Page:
You’ve heard the saying, “Money saved is money earned.” If you consider it for a minute, you’ll realise how useful this bit of information is when you decide to self-publish your book.
Publishing a book requires spending money, lots of it, and since you’re going it alone, you’ll be responsible for every aspect of the process. You’ll have to create a budget for editing, designing, retailing, marketing and promotions. You can hire a team to with you, but if you have a tight budget, this option may not be the best.
Of course certain aspects of the process should be handled by professionals, but there are some you can take care of — to save every dime you can.
Your book cover is the first thing readers will see when they’re browsing through a bookstore. If the design doesn’t impress them, they’re going to pass quickly and probably never bother having a second look — should they see the book in some other stores.
When I was preparing my book, Not Too Young to Run, for publication, I knew I had to make a strong first impression with my cover. But I didn’t have all the money. This may sound improbable, given the existence of Fiverr where you come across book cover designers who charge as little as $5. Now this is improbable! A professional book cover doesn’t come that cheap.
According to Rocking Book Covers, the price for a professional low end book cover starts from $50 – $200. A notch better is the middle range — from $250 – $600. Then the highest end (which is for big publishing houses) starts from $1000 – $2000.
Imagine being able to save $50 or more. I’m sure that’s a good deal. By the way, here’s the cover I did, courtesy of Canva.
Ebook Conversion and Print Layout
If you must sell your book as a digital product, you’ll first have to convert it into an ebook. Over on the Internet, you’ll find free ebook conversion tools like Reedsy Write, Sigil and Calibre. There are also companies and freelancers that offer ebook conversion as a service, in which case you’ll have to part with your money.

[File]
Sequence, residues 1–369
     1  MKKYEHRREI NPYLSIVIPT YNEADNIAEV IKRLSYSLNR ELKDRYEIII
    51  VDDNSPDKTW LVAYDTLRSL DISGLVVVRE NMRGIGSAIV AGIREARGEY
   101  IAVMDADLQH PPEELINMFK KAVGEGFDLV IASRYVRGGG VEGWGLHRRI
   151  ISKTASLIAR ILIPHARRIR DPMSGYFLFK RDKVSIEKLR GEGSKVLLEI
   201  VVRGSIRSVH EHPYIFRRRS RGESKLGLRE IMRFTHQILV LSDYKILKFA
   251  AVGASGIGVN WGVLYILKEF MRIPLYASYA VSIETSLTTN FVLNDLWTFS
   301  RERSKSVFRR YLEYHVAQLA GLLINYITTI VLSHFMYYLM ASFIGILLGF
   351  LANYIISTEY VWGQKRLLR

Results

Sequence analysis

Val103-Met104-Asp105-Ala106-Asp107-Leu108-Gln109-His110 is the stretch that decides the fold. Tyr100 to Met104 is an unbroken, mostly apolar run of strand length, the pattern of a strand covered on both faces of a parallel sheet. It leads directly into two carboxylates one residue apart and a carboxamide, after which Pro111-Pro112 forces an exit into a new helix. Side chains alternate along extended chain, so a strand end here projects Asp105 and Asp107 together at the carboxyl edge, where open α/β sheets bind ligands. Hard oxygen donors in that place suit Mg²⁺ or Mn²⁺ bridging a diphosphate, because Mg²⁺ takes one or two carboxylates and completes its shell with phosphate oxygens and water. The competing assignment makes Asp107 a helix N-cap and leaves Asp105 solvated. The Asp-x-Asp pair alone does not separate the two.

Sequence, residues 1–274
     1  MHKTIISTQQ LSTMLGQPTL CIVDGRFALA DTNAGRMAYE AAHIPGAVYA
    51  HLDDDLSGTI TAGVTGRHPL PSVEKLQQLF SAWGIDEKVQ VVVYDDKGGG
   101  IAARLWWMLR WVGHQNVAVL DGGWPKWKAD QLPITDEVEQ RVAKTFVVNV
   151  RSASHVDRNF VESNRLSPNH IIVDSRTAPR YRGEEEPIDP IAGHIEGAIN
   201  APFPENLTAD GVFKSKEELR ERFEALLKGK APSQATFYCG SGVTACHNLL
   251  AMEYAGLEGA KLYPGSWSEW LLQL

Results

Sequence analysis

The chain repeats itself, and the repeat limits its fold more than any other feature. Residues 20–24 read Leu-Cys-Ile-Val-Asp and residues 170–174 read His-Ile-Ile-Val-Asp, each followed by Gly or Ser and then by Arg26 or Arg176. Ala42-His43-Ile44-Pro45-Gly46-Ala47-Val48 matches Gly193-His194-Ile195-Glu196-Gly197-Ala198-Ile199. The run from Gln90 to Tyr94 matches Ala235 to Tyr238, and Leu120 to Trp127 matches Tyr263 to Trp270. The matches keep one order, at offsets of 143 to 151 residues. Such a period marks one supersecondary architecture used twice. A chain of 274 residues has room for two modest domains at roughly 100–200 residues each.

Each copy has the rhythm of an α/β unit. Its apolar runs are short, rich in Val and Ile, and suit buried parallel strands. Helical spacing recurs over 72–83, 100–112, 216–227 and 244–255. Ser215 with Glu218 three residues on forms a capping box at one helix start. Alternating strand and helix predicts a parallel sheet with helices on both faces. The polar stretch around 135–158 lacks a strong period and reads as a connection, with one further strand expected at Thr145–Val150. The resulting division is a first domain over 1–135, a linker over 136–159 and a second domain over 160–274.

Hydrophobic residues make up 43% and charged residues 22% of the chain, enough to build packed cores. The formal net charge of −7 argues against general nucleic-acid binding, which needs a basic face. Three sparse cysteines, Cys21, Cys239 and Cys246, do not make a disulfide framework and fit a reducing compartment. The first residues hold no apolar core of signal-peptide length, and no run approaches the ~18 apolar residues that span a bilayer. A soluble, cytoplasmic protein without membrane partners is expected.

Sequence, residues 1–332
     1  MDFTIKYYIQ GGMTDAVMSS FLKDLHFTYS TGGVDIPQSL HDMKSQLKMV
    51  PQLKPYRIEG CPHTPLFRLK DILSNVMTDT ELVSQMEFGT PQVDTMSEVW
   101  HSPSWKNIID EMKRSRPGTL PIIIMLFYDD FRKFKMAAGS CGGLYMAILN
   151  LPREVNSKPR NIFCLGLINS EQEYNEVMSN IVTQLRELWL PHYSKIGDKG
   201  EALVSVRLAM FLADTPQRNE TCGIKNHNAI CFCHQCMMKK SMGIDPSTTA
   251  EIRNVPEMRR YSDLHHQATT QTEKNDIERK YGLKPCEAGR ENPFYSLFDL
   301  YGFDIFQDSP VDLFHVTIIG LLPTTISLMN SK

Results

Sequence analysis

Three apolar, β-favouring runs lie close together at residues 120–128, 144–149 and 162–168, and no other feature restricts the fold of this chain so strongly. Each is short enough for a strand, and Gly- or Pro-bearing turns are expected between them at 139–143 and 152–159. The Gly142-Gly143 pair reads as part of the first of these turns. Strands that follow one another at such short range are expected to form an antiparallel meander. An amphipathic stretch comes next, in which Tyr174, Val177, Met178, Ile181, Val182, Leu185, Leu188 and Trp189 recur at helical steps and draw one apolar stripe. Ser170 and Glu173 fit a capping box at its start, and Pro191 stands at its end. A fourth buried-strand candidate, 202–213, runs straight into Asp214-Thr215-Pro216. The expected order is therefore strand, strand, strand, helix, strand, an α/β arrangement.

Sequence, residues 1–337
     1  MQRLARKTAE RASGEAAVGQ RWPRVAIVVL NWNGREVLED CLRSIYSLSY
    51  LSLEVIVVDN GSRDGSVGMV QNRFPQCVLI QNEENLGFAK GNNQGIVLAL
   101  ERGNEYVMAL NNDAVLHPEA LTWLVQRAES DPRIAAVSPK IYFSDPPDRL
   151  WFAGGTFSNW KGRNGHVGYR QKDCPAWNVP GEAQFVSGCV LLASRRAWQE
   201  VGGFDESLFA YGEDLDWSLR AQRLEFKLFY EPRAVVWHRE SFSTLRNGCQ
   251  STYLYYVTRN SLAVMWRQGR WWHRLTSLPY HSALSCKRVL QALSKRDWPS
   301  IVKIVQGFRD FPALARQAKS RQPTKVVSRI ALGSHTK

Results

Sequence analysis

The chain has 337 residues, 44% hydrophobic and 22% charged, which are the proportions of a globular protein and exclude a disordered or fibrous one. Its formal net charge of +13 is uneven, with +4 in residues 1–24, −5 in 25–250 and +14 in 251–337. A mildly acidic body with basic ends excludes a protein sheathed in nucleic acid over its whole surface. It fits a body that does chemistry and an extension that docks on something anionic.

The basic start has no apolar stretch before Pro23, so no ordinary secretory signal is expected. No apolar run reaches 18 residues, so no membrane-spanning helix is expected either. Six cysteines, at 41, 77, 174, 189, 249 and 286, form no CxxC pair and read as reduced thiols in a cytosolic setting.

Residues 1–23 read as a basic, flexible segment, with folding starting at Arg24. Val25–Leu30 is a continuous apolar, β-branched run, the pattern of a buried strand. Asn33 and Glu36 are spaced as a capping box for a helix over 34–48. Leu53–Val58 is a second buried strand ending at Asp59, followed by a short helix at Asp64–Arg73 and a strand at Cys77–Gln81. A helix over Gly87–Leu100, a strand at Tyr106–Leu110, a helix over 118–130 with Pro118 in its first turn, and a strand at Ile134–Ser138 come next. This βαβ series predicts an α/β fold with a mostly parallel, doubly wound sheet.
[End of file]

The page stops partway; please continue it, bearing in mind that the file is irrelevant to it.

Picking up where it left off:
If you were creating a simple ebook, the type that doesn’t contain visual elements, (I doubt if any book lacks visuals.) then the process is straightforward. In fact, if you are publishing with Amazon or Kobo, you merely need to upload your edited manuscript in .doc, docx, .txt or .pdf and their algorithm does the rest. But it isn’t that simple if your manuscript contains tables, graphs, illustrations and other visual designs. Sometimes, in the course of using a free tool, your formatting may be lost. It could even be that you messed with the formatting, and the converter was unable to read your file.
When this happens, you’ll need to hire a professional to do the job. This can cost from a few dollars to hundreds. But you can save this cost if you invest your time to learning how to properly format an ebook.
It’s the same if you are going to print. You’ll need to design a clean layout. That’s going to cost money as well, up to $1000 for a professional design. Most professionals use InDesign, which you can pay for and invest time to learn the curve. It’s worth it, especially if you plan on writing other books in the future.
Learning how to design cover arts for marketing your book can also help you save money. You don’t need to become a Kate Moss or Chip Kid to this, but you’ll need a good grasp of the elements of design.
Again, websites like Canva. Vexels and Template.net offer free templates to get you started.
In the end, when you sit down again to evaluate your budget, you’ll be surprised at how much money you saved.